Pinched hoses and other problems with the breathing devices that Anchorage firefighters trust to keep them alive in smoke-filled buildings have left the firefighters questioning their safety, according to their union.
Firefighters battling blazes inside a smoke-filled, flaming structure wear an air tank on their backs that provides clean air to a mask that fits over their faces. It's called a Self-Contained Breathing Apparatus, and more than 1,500 fire departments in the United States use an air pack made by Draeger Safety, a Pittsburgh, Pa.-based company criticized recently for problems with the packs.
The company says problems reported in Anchorage -- including kinked or pinched air hoses -- are not as serious as those reported at other fire departments. According to the Atlanta Journal-Constitution, the newspaper that first reported on potentially life-threatening failures with the packs, federal officials are investigating the Draeger packs after receiving complaints from Anchorage, Phoenix and Dekalb County, Ga., near Atlanta.
Some firefighters reported sucking hot, smoky air into their breathing masks while working to extinguish fires. Two Georgia firefighters suffered injuries from smoke inhalation in those instances, the Journal-Constitution reported. In Anchorage, at least two firefighters have experienced a loss of air when the hoses that link air tanks to the face masks became pinched, an Anchorage firefighters' union spokesman said.
"I can't think of a piece of equipment that's more essential to what we're trying to do," said Eric Tuott, a union official and engineer at Fire Station 4 in Midtown. "This is something that every time you use it you're in a life-or-death situation ..."
The National Institute for Occupational Safety and Health is looking at the Draeger air packs to see if the problems are the result of a design flaw or operator error, the Journal-Constitution reported.
The Anchorage Fire Department reported 44 problems with the air packs since the Municipality of Anchorage bought them, according to the Journal-Constitution. Anchorage purchased about 250 of the Draeger air packs and accessories for $1.54 million, according various sources. The packs went into use here in the summer of 2011, Tuott said.
Perhaps the most serious issue in Anchorage involved firefighter Billy Yelvington, who lost air flow as he was leaving a burning house last winter and a snow-laden deck collapsed on him, according to the firefighters' union. A rookie firefighter also lost his air supply during a training session on another occasion, the union says. Other problems included freezing and sticking valves, Tuott said.
"We started to see enough of these that maybe it wasn't a random problem," he said, adding that the union has so far been pleased with Draeger's response.
Tim Martin, the company's vice president of sales and service, said Tuesday that a company investigation -- which included talking to Anchorage city, fire and union officials in April -- did not determine if Yelvington's pack failed, its hose was pinched by falling debris, or he had the wind knocked out of him. Martin said Anchorage firefighters had never reported inhaling smoke into their masks, as Lower 48 firefighters have, and Yelvington's inability to breathe was an isolated incident among the Anchorage packs.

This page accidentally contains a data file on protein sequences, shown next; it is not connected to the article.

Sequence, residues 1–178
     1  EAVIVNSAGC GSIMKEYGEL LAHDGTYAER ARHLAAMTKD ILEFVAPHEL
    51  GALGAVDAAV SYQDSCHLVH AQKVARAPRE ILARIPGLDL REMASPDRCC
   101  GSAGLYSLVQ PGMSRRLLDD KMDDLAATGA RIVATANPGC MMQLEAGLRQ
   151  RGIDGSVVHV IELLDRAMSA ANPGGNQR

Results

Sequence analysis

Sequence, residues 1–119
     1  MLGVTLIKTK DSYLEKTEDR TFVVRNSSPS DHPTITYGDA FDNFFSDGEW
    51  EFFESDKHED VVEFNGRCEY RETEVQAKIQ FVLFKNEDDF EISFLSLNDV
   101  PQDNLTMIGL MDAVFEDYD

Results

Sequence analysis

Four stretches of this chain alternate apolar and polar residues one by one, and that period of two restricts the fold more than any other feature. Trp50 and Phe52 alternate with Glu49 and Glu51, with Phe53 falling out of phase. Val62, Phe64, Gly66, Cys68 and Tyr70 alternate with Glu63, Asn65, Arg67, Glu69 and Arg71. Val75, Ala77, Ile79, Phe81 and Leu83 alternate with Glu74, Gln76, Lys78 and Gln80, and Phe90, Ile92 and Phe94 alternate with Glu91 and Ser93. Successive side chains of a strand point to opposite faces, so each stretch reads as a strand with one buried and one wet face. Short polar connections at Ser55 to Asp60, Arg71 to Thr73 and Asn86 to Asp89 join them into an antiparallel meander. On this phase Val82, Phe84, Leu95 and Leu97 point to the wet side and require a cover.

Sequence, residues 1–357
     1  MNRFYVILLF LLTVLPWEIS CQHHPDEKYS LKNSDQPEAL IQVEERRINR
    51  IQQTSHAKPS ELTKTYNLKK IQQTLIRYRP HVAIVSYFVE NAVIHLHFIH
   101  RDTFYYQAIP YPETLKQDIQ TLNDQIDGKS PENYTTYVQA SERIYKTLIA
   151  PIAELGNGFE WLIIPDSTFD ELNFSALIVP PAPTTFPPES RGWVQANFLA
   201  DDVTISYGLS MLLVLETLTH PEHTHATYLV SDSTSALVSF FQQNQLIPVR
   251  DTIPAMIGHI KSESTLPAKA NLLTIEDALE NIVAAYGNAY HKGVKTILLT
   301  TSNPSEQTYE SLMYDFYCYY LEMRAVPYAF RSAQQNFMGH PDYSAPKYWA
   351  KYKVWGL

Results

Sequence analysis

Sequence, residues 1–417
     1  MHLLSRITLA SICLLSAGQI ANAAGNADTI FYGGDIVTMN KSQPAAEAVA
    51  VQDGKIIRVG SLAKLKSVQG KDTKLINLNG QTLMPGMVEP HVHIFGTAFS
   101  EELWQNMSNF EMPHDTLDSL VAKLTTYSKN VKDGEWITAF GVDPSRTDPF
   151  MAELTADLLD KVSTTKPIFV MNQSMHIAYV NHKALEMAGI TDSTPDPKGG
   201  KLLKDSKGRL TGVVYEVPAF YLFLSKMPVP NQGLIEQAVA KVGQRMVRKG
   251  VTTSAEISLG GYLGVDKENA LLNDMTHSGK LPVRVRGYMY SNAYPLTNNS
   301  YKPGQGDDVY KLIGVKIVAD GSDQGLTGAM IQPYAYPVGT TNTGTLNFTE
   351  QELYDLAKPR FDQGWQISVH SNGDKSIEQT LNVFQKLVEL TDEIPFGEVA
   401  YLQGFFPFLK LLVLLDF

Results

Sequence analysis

Draeger is working with the city to fix the problems, whether their packs or operator error are to blame, Martin said.
"The issues that Anchorage is having, and I don't want this to sound dismissive, because they are serious when you're dealing with safety equipment, but they are what we'd classify as lower-order issues," Martin said.
For example, electronic monitors on the air packs can indicate an ongoing problem when there isn't one, Martin said.
"The tolerance is very tight and does cause what we call 'false failures,' " Martin said. "It's an irritation. The fire captain in Anchorage, I believe, said it was an annoying problem. But just because it's annoying doesn't mean we're not addressing it."
"Nobody makes a perfect product, and I'm not going to sit here and say we have a perfect product. But there's a big difference between a critical issue and a non-critical issue."
In a written statement Tuesday, the fire department said officials have been working with Draeger for two months and have identified one of three issues with the air packs. However, city and fire officials refused to answer specific questions about the problems or contemplated solutions on Tuesday, preferring to address the firefighter "difficulties" at a press conference Wednesday.
Tuott, the union representative, said his understanding was that if Draeger did not find a permanent solution -- one that all parties involved approved -- the city could use emergency funds to quickly replace the air packs, which Anchorage firefighters continue to use daily.
Tuott said the firefighters his union represents have used the Draeger air packs for more than a decade without problems. Until recently.
Tuott said it's too soon to say if the most serious issues have been fully addressed. Draeger has been responsive to the department's needs since the problems were reported, he said.
"But at the same time we're not just going to take what they're telling us as the gospel and just assume that everything's going to be all right when we're talking about firefighter safety," Tuott said. "If you happen to be 100 feet into a building, in a darkened environment, it's smoky, and your air pack shuts off on you, that's a long way to go."
Reach Casey Grove at firstname.lastname@example.org or 257-4589.